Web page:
Using the ‘Play by Play’ of our Minds to Build Intimacy

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Couples often come to counseling feeling distant and wanting connection. They want to feel closer to their partner but don’t know how.  Sometimes there is a real sense of loss.  The closeness or emotional intimacy that used to be so accessible has disappeared.  There can be a fear that you’ll never recover it and that it is gone forever.

 

There is a lot that we experience in every moment.  There are thoughts, feelings, sensations, memories, worries and fears that we’re taught to hide.  Sometimes we get so good at this that we are even unsure ourselves of what is going on.  It can take really slowing down and getting curious about what is coming up for us, and then feeling safe enough to share it with another person.   Sharing can be hard if we are afraid of being judged, or hurting someone.  We fear that if we share what is true it will create more distance, the opposite of what we want.    

 

I often tell couples that building intimacy by sharing what is vulnerable can seem counter intuitive, and the way to connection is to share what I call a “play by play” of the mind.  These are the things that we usually keep to ourselves.  For example you come home and want to connect to your partner and they are in the middle of reading.  You want them to notice that you have a want for connection without saying anything.  They don’t notice.  It’s easy to assume that this means they don’t want to connect.  You may feel rejected and either lash out or withdraw creating distance between you and your partner.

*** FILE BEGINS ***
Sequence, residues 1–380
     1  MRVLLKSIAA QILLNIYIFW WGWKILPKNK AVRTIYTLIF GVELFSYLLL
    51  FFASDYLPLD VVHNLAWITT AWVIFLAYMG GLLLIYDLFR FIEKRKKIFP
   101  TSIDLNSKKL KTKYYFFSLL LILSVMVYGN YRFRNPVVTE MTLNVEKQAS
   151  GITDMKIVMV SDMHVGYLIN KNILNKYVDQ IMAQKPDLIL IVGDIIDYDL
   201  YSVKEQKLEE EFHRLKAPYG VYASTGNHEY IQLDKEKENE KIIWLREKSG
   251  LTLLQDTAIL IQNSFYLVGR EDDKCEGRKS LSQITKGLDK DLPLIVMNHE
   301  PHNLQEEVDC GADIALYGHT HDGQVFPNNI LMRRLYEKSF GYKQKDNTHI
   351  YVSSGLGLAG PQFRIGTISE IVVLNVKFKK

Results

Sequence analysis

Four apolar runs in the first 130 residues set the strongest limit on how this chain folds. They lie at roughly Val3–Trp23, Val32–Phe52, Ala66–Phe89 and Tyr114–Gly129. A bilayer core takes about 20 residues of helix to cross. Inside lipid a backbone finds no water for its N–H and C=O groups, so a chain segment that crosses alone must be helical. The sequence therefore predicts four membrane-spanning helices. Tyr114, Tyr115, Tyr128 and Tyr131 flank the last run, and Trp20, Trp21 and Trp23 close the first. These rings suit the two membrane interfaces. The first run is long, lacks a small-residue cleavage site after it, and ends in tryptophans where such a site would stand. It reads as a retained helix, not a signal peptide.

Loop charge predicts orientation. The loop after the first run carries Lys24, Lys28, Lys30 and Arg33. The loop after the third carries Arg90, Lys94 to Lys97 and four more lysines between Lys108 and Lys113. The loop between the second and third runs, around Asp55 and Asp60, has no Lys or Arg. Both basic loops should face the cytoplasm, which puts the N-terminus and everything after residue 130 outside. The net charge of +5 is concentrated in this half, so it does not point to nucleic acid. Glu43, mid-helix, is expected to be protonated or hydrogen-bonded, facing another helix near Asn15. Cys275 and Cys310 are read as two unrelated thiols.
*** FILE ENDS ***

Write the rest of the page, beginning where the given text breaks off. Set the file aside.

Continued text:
Sharing the ‘play by play’ means first turning towards yourself and recognizing both the want that you had and the feeling of rejection, and soothing this unmet need.  When there is space to talk to your partner, you can share the experience you had without blame.  Sharing what is vulnerable and authentic gives our partner an opening into how we operate and can create a space of compassion and empathy between you.

This is an art that takes practice.  Couple’s counseling can be a safe space to practice this vulnerable sharing.  I draw from the work of Marshall Rosenberg’s ‘Non Violent Communication’ to provide the vocabulary to express both the feelings and unmet needs. These tools help couples navigate through what could get in the way of intimacy.

 

 Daniella Beznicki, MFT is a couples therapist in San Francisco at The San Francisco Marriage and Couples Center.

Daniella Beznicki, MFT is a couples therapist in San Francisco at The San Francisco Marriage and Couples Center.

This is an art that takes practice.  Couple’s counseling can be a safe space to practice this vulnerable sharing.  I draw from the work of Marshall Rosenberg’s ‘Non Violent Communication’ to provide the vocabulary to express both the feelings and unmet needs. These tools help couples navigate through what could get in the way of intimacy.

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